The Family and Medical Leave Act generally requires companies in Pennsylvania and across the country with 50 or more employees to provide up to 12 weeks of job-protected time off each year to workers when they or a family member are diagnosed with a serious health condition. However, employers are sometimes uncertain as to what types of illnesses or injuries are considered serious enough to be covered by the 1993 law. For the terms of the FMLA to apply, a physical or mental condition, injury or incapacity must meet one or more of six criteria.
A condition is considered serious enough to be covered by the Family Medical Leave Act when it requires an overnight stay in a hospital or hospice. Conditions that cause incapacity lasting three or more days are also covered provided that the individual concerned has visited a physician on two or more occasions or is undergoing a continuing course of treatment. Pregnancy is also covered by the law.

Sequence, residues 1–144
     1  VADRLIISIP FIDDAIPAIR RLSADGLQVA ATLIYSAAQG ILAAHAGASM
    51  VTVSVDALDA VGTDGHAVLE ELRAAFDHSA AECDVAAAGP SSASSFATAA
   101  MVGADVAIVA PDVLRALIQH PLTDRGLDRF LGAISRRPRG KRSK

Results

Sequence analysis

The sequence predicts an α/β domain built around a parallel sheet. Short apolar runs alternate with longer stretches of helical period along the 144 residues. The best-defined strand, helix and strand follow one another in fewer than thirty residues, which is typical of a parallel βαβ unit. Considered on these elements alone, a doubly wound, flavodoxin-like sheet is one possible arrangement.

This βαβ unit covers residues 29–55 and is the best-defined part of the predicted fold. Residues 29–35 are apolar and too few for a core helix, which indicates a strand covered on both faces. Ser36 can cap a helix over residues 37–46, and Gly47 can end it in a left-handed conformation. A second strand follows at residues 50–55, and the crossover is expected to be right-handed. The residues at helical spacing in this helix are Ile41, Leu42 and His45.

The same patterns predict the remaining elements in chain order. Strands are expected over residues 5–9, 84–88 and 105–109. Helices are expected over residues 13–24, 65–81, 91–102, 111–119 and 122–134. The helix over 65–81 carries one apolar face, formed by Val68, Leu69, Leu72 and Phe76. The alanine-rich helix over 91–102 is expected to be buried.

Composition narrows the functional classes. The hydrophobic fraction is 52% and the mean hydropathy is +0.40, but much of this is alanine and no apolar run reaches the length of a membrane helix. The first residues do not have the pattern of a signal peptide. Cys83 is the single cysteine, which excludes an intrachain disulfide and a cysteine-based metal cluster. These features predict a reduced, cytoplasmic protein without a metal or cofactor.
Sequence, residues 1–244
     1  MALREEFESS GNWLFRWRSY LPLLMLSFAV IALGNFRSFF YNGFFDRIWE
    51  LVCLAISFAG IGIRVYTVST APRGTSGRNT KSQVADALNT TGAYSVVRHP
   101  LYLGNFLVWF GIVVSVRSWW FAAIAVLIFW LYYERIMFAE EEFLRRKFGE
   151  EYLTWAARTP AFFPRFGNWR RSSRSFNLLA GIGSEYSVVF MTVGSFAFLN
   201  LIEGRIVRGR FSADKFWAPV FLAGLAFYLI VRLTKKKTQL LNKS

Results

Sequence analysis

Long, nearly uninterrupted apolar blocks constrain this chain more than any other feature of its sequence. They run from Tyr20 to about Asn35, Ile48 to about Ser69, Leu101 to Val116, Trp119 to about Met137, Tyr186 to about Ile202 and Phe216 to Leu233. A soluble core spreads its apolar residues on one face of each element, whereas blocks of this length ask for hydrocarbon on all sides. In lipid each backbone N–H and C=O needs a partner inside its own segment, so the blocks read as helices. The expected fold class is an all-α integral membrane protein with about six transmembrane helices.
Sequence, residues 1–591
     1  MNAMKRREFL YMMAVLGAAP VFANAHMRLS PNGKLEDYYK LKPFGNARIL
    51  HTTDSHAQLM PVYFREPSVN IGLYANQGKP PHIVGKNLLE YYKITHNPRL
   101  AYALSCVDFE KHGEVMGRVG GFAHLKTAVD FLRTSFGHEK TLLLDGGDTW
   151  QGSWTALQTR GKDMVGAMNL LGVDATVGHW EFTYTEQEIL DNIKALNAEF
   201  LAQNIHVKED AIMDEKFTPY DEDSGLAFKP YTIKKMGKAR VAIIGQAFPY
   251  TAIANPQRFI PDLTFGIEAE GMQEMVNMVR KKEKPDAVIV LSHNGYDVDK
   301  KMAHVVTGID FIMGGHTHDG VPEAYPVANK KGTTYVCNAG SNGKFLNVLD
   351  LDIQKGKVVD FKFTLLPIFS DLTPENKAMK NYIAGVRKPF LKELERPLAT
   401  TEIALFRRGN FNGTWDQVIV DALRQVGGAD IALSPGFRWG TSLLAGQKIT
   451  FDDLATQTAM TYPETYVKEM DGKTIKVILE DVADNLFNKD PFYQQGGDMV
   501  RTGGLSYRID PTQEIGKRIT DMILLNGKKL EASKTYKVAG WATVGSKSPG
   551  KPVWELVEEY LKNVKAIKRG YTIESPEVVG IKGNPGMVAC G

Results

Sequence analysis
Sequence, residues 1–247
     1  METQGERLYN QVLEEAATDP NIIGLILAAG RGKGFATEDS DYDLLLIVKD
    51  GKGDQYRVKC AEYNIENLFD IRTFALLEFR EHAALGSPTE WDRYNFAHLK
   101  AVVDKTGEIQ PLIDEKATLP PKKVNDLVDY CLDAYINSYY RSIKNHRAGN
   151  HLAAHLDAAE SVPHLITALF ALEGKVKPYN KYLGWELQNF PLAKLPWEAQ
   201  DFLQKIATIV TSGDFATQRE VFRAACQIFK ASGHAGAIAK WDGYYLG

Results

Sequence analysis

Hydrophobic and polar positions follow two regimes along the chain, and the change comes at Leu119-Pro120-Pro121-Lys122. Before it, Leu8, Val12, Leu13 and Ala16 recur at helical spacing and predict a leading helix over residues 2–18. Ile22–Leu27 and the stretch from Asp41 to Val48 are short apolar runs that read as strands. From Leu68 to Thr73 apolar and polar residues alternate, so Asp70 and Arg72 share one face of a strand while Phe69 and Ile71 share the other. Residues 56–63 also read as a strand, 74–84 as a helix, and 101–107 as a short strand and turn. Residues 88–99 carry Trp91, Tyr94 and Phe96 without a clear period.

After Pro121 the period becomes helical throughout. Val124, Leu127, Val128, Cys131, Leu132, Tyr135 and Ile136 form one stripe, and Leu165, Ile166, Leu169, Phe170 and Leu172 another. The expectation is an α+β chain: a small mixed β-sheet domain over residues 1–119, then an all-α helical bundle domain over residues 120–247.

Chronic conditions that do not cause incapacity lasting three or more days are covered as long as they are being treated periodically. The law defines periodic treatment as two or more visits to a doctor each year. Long-term conditions that do not respond to treatment fall under the law providing that treatment is continuing, and workers receiving multiple treatments after developing an illness or suffering an injury are able to take job-protected time off.
While the provisions of the FMLA are quite clear, employers may still refuse to grant covered leave or terminate the health insurance coverage of workers who have taken permitted time off. These types of actions are illegal, and an employee who has been the target of such behavior may want to have legal assistance in obtaining appropriate recourse.